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Why Glendale will regret keeping Coyotes

The Coyotes are one win away from their first appearance in the West final. (Getty Images)

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The Coyotes are one win away from their first appearance in the West final. (Getty Images)

It’s the perfect backdrop, isn’t it? Gary Bettman in Phoenix, almost three years to the day after former owner Jerry Moyes threw his ownership keys on the table, to announce the Coyotes have been sold just before the team puts a bow on the first second round series win in franchise history.

All will be well in Phoenix, then it’s time to move on to the Florida Panthers and New Jersey Devils, the next two teams requiring the league’s attention.

If only it were that easy. In fact, the prospective sale of the Coyotes might be nothing more than a shell game, with the objective of the game to extract as much money out of the good people of Glendale as possible. For example, if former San Jose Sharks CEO Greg Jamison is to purchase the Coyotes, the new lease could cost Glendale a total of $92 million over the next five years. And that could be with no guarantee the team stays beyond that time period.

According to one source close to such matters, there are a couple of major caveats to this deal.

“It might kick the can down the street by a few years,” the source said, “but that’s about it.”

That’s because there is speculation Jamison will not be required to sign an “unconditional guarantee” attached to his ownership. After Moyes essentially bailed on the Coyotes three years ago, the NHL made it mandatory for new owners to promise they’ll keep paying the bills ad nauseam. Hence the unconditional guarantee. Jeff Vinik had to sign one when he bought the Tampa Bay Lightning and Terry Pegula did the same when he purchased the Buffalo Sabres. The unconditional guarantee basically ensures the owner will be obliged to continue to throw unlimited amounts of money into the sinkhole without leaving the NHL to become a ward of the state.

(Deputy commissioner Bill Daly did not reply to an email asking about the terms of Jamison’s prospective sale.)

There is reportedly no such provision in the deal for the Coyotes with the NHL. The deal will be announced at about $170 million, but our source said it’s unlikely the actual money changing hands will amount to even $100 million. Remember, this is for a team Jim Balsillie was willing to pay $225 million to purchase not long ago.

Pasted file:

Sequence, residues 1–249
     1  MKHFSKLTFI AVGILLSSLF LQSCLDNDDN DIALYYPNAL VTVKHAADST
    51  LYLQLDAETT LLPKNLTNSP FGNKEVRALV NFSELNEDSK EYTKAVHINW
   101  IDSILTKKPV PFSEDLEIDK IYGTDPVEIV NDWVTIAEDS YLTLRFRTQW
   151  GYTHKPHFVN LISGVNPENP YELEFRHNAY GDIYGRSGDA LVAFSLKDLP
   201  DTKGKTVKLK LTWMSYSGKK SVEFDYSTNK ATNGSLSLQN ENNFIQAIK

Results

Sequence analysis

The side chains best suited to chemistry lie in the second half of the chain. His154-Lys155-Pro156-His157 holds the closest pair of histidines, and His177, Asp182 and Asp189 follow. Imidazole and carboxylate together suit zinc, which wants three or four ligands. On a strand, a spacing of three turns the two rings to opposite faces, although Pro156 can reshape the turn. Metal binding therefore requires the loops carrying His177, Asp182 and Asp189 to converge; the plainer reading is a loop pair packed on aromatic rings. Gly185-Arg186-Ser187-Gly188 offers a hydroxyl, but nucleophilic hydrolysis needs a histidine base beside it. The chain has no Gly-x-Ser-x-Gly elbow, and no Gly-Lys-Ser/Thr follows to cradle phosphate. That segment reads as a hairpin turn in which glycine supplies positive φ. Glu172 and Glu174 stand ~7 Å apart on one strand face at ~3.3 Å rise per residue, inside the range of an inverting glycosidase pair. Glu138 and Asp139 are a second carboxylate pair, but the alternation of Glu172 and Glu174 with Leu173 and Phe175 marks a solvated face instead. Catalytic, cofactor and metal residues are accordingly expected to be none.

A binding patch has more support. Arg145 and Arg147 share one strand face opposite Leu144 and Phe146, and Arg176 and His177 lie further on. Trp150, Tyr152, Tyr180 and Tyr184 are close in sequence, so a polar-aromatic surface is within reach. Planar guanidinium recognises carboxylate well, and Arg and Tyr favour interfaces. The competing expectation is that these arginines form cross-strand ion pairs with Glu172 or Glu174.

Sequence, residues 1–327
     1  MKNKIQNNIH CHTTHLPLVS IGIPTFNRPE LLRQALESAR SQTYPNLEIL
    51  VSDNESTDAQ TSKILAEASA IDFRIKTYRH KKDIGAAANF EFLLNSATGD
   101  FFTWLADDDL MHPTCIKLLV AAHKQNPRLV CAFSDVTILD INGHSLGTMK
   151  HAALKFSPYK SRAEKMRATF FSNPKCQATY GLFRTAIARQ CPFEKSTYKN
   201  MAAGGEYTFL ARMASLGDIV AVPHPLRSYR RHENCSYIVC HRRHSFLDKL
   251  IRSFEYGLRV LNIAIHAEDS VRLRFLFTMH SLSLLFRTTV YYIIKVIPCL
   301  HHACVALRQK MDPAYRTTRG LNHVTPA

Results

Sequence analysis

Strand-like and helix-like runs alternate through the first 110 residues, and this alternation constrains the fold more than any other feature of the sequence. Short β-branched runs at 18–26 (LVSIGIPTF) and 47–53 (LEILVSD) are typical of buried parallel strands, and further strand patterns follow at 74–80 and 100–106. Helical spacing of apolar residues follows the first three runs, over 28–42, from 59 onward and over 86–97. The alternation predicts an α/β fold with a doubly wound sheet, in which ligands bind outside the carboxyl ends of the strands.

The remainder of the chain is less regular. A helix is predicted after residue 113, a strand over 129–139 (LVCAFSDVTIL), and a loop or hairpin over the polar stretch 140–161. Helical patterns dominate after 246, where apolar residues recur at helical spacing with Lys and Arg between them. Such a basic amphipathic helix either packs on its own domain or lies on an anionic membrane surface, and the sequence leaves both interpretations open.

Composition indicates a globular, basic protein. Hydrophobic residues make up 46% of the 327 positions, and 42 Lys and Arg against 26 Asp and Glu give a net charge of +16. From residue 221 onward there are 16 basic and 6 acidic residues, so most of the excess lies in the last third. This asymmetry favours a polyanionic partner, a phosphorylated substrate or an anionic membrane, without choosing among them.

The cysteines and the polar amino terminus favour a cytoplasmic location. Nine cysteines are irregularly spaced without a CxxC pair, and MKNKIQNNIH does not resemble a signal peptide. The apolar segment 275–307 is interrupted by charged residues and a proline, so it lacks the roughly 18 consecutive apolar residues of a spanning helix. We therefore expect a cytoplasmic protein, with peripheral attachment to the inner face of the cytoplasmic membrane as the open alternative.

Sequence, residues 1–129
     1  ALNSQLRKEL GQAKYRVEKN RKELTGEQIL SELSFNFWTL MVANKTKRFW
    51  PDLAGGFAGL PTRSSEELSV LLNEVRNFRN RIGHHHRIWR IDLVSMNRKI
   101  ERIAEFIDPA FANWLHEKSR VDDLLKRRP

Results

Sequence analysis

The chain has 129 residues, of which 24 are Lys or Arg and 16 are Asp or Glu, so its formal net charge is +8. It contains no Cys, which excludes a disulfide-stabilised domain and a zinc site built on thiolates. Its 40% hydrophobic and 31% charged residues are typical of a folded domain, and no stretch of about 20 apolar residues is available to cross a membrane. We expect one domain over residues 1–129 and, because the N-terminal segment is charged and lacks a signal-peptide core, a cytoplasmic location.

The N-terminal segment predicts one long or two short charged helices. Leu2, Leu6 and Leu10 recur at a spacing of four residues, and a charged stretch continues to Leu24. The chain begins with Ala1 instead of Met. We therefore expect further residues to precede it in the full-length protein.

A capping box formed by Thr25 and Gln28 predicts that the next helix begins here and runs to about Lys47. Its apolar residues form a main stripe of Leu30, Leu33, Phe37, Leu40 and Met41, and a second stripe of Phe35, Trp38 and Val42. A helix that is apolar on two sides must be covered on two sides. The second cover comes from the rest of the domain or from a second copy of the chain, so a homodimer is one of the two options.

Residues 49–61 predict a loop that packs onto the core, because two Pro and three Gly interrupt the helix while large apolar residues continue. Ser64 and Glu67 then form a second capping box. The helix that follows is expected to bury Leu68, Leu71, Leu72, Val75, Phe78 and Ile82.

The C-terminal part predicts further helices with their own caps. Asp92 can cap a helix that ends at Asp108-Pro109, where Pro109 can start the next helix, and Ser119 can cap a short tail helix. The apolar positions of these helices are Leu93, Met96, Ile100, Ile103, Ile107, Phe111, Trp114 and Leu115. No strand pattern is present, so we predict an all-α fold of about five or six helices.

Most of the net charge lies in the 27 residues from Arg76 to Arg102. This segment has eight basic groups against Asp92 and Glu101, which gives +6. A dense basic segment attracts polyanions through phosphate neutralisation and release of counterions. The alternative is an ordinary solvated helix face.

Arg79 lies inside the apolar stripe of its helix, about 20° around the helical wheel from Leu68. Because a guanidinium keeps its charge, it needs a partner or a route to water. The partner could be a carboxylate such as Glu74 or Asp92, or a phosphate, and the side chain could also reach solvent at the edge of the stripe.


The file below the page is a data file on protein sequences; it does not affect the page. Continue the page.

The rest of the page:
The deal, of course, will be contingent upon Jamison negotiating a new arena lease with the City of Glendale, which should have anyone who pays property taxes in that city very, very nervous. According to Glendale council member Phil Lieberman, the new lease would cost the city $92 million in management fees over the next five years – $17 million next year, $20 million in each of 2014, 2015 and 2016 and $15 million in 2017. And while Lieberman hasn’t seen the entire proposal, he’s doubtful even that will be enough to keep the Coyotes in Phoenix long-term.

“Who knows?” Lieberman said. “Jamison says yes, but how do we know that’s not a bunch of bull? The NHL is the third owner of this team in the past five years and they’ve wanted $25 million a year to break even. How is Jamison going to make a profit? It’s impossible.”

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Lieberman said the city, in return, receives only about $4.5 million per year in revenue, meaning that in order to keep the team in Glendale for another five years, it will cost a city of about 225,000 almost $70 million.

It doesn’t add up for people such as Lieberman. He said Global Spectrum manages the University of Phoenix Stadium, also located in Glendale, for about $9.2 million a year. Lieberman thinks the city can, without the Coyotes, hire someone to manage the facility for less money and attract more non-hockey events to the building to make it profitable.

“That’s where I’m coming from,” Lieberman said. “I’ve owned three businesses in Glendale. How much of a subsidy do you think the city has given me? None.”

Here’s a thought. Isn’t it time that perhaps the NHL did the right thing here and stopped holding this city hostage? Glendale is in for $50 million so far and if Jamison gets his lease, will have to pay another $92 million over the next five years. And so far, there is no guarantee from anyone the Coyotes will stay in Glendale long-term.

But Bettman is capitalizing on a feel-good situation in Glendale, where the team is winning and creating a short-term buzz. Hey, it might even win the Stanley Cup this spring. But does anyone really think that’s going to make one iota of difference in the long run? Will a long playoff run suddenly make the Coyotes profitable?

It’s highly doubtful. What is more likely is it will create a small, temporary spike in interest. None of the Carolina Hurricanes, Tampa Bay Lightning or Anaheim Ducks has seen its long-term numbers go up significantly because of their Stanley Cup titles.

Sources say just over 10 percent of the Coyotes revenues come from corporate business and that simply doesn’t cut it. No corporation is going to invest long-term in a team that can’t guarantee it will be there in a few years. Yes, there is a small, hardcore group of fans that might grow slightly in number, but filling a building with low-priced tickets 50 times a year is not a recipe for long-term success.

Greg Jamison will learn that and the good people of Glendale will continue to pay for a team that will always be in limbo.

Ken Campbell is the senior writer for The Hockey News and a regular contributor to THN.com with his column. To read more from Ken and THN's other stable of experts, subscribe to The Hockey News magazine.

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